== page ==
Caryl - Houston-Packer Collection BS1415 .C37 v2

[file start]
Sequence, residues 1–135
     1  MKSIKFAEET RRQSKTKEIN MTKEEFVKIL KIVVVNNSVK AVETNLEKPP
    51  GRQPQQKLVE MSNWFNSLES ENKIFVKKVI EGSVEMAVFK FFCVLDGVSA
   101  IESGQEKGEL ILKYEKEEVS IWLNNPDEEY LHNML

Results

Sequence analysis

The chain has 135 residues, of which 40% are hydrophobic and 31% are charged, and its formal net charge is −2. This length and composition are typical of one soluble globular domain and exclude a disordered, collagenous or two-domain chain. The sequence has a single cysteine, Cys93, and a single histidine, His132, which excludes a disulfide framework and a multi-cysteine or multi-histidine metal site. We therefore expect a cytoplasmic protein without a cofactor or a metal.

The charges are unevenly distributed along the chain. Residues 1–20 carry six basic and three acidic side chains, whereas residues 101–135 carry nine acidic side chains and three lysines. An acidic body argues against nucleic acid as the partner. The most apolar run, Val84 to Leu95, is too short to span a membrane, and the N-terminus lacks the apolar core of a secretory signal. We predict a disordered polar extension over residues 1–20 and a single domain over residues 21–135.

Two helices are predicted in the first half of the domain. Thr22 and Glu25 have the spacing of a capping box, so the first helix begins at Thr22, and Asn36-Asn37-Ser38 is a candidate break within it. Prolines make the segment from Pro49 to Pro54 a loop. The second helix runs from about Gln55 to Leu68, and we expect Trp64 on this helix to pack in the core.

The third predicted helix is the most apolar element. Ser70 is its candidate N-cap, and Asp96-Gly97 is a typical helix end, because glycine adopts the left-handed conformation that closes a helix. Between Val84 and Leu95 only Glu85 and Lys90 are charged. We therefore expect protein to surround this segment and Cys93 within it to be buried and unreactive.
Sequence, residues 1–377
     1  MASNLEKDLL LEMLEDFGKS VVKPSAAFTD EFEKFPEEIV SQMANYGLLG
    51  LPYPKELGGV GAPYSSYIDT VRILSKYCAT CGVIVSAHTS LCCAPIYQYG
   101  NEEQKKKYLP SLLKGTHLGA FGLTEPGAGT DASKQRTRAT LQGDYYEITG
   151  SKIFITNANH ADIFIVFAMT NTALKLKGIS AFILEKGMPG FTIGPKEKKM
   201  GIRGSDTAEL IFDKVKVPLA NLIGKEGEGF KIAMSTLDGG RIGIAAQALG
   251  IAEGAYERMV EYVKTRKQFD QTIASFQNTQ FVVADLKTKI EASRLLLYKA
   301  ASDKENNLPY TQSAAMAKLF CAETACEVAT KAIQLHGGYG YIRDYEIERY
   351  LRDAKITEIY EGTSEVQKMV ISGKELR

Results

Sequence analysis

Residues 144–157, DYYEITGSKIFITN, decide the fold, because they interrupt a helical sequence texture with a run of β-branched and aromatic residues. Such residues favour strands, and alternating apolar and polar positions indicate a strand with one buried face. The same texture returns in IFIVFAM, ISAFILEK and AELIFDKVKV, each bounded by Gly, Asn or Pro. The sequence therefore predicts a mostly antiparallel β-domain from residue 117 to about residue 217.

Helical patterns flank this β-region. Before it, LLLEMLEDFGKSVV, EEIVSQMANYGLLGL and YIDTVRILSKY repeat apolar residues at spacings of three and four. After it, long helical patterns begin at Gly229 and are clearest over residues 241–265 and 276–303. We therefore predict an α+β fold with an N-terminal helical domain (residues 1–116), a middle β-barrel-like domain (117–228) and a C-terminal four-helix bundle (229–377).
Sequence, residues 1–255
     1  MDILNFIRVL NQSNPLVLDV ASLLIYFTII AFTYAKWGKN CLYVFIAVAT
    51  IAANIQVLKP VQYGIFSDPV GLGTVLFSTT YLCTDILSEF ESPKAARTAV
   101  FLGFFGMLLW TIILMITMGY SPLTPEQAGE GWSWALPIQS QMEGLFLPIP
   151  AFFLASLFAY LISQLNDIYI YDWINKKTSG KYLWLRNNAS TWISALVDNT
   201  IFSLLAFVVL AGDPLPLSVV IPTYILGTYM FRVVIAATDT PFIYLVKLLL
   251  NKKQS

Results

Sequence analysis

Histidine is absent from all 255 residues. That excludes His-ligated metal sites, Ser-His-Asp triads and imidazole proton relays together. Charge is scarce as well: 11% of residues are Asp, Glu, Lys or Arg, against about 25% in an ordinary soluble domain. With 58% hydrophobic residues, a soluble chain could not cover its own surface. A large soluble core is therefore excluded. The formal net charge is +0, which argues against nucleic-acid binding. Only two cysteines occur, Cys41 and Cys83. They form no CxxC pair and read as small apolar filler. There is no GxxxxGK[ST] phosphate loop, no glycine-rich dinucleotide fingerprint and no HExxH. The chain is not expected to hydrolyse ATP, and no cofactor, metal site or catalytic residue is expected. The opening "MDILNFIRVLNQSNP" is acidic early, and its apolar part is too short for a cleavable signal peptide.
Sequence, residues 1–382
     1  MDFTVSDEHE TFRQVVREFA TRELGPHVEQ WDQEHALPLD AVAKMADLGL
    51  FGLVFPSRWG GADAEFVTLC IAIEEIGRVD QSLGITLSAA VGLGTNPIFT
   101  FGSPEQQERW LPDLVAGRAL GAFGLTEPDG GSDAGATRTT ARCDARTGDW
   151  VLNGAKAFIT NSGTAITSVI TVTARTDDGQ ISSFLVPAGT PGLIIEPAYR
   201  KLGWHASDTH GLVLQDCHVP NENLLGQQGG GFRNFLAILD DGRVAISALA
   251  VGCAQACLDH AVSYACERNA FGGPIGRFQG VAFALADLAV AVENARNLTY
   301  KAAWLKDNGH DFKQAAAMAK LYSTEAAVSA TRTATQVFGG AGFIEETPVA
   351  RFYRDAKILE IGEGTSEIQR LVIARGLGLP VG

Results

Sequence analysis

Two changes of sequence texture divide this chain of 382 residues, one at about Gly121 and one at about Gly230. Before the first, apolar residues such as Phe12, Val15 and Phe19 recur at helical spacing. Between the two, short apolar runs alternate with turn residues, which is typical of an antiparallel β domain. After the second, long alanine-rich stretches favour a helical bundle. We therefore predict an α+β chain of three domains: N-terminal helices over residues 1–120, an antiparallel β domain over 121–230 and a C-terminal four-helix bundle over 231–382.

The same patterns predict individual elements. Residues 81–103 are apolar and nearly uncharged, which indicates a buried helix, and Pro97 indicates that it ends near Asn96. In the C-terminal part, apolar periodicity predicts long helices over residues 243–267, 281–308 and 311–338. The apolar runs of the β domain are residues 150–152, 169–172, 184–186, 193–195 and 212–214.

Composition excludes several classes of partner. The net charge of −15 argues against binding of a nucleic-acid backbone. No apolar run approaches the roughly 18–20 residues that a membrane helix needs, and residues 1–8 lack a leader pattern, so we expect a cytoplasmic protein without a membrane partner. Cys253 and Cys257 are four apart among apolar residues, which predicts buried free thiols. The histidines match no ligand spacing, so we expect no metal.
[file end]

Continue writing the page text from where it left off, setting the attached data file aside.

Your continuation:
156 Chap. 4.. An Expoftion upon the Bookof J O B. Ve-f r9. is obnoxious to the violent affaults of death every day, and all houres of every day : From the morning when he riles, to the evening when he goes to bed, he walkes among armies of dan- gers, and within the Gunfhot of deflruc` ion, The Apoftles ca- talogue of perils is true to this day, 2 Cor. r I. a6. In perils of waters, in perils of robbers, 'in perils of mine own Countreymen, in perils by the Heathen, in perils in the City, in perils in the IVildernefs., in perils in the fia, in perils among falfe brethren : Every place is aperil, and every perfon a peril. Where can we go, withwhom can we meet, and not go among or meet with perils? And do not all there perils (peak deitruófiion from morn- ing to evening ? Paul's experiences both in regard of a natural, but efpecially of violent death, brought forth thefe conclufions, which comefull up to the point./ day daily,( FCor. }5 °3 t .)in deaths often (2 Cur. II. 23.) we are killed all the day long, (Rom.8.36. ) Secondly, Take the words as aproverbial fpeech, by which the fhorteft time is Lignified. As (ifa. 38. 12.) Hezekiah complain- ing, Pets out his mortal fìèknefs, thteatning prefent death and cutting off, thus ; Mine age is departed and removed from me as a fdoephesrds tent ; I have cut off like a weaver my life, be will cut me off with pining ficknefs, from day even to night wilt thou make an end of me, that is, either continually or fudden- ly : from day even to night wilt thou make au end of me, I am wafting perpetually : or befóre night, within the compafs of this day thou wilt deftroy and make an end of me ; there were the thoughts of my heart, when I was in tie hands of that acute difpatching difeafe. The Pfalmift (Plat, go. 5, 6.) describes man as grafs, In the morning it flourifheth and growetb up, in the evening it is cut down and withered); that is,man con- tinueth but a very fhort time. His life is but a fpan long, or but a day long. Jonah: Gourd came up in a night, and pe- rifhed in a night ; and man cometh up in themorning, and pe rifheth in the evening. The Naturalifts fpeak of a Fly they call Ephemeron, a creature of one day, which comes forth in the morning, is very aóiive about noon, but when the Sun declineth, it declinestoo, and fits, with the letting of the Sun. Man is an Ephemeron, a creature of one day; fór howfoeverhis life confifteth of many dayes, and is often lengthened out to many years, yet between morning and evening, or from morn- ing to evening he is dettroyed. The fu it fig) he fcts up- on